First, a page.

July 12 – Desiderius Erasmus

These weekly “People to Commemorate” posts are a kind of calendar for the commemoration of the saints, reproduced here from a Uniting Church Assembly document which can be found in full here. They are intended for copying and pasting into congregational pew sheets on the Sunday closest to the nominated date.

Images (where provided) are of icons by Peter Blackwood; click on the image to download a high resolution copy of the image.

Desiderius Erasmus, reformer of the Church

The illegitimate son of a priest, Erasmus was possibly born in Rotterdam. He attended school in Gouda and Deventer and was strongly influence by the Brethren of the Common Life.
He gave Jesus a central place in his devotions. In 1486 he became an Augustinian canon. Ordained in 1492, he left the Augustinians to study at the College De Montaigu, Paris, in 1495. Travel to England from 1499 – 1500 led to a close friendship with the notable scholar John Colet and careful study of the New Testament in Greek. His publications grew in number and variety, as did his fascination with the challenge of translating the Bible. Between 1506-1521, his spent time in Paris, Louvain and Italy, as well as making a return to England, and developing a fruitful friendship with Thomas More, celebrated in his book Enconium Moriae. As well as becoming the first teacher of Greek at Cambridge. His prestige was not only academic and pastoral. He was made a royal councillor in Brussels during 1516.

Between 1515 – 1525 Erasmus produced the second earliest Greek New Testament and this went through at least 4 editions. One of these editions was used by Luther in his translation of the New Testament. Erasmus’s NT also played a part in the King James translation of the NT. His work on the Greek was not without critics. Since Erasmus’s work older Greek versions of the whole or parts of the NT have been found and these finds have corrected the many mistakes in Erasmus’s texts.

From 1521, he lived in Basel with J. Froben, the noted printer. There he could write with fewer interruptions. When the city became Protestant, he moved to Freiburg from 1529 – 1535 before returning to Basel, where he died while editing the works of Origen. Advocacy of social, political, educational and religious reform made him an influential leader in the Europe of his day. He corresponded widely with people in a wide range of positions and status. An English edition of his letters is currently being prepared. He was strongly opposed to the corruption of traditional Catholicism and the Papacy, which he saw as indispensable of the European heritage. He sought to clarify their central emphases. Seeking to correct abuses in the church, he wrote a variety of popular and scholarly books, ranging from devotional works, such as his Enchiridion (1504) to editions of the Fathers. Initially, he welcomed Luther’s teaching and writing as complementary to his own. He, however, grew disturbed at its increasingly polemical nature and potential to undermine Catholic unity. That was made plain in De Libero Abitrio, to which Luther replied in De Servo Abitrio. Erasmus replied with Hyperaspistes. It was clear that they were far apart on many theological issues and reflected wider divisions in popular and scholarly Catholicism. Erasmus was convinced of the importance of education and that return to the sources was vital for authentic reform. He could be a cutting critic, as well as an inspirer of devotion. He provided reliable editions of some of the leading Fathers, as well as writing popular books on basic Christian belief and behaviour. Though he cherished the Catholic heritage, some more traditional Catholics regarded him as a corrupter of the faith.  His work was censured by the University of Paris and his books were totally banned by Sixtus V in 1590. The Roman Index banned some books, but permitted others, when they were carefully edited.  His importance has been widely recognized in the 20th century.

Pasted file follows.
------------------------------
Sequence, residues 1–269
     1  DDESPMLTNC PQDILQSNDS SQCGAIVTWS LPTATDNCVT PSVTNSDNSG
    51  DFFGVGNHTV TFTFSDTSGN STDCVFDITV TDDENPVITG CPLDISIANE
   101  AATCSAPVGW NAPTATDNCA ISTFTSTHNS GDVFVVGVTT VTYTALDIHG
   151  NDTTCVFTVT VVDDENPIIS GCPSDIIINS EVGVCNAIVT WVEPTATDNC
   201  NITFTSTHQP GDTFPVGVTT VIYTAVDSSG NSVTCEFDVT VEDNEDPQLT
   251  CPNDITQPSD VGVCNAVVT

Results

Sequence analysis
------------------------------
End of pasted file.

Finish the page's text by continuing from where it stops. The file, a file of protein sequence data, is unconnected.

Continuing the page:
Ian Breward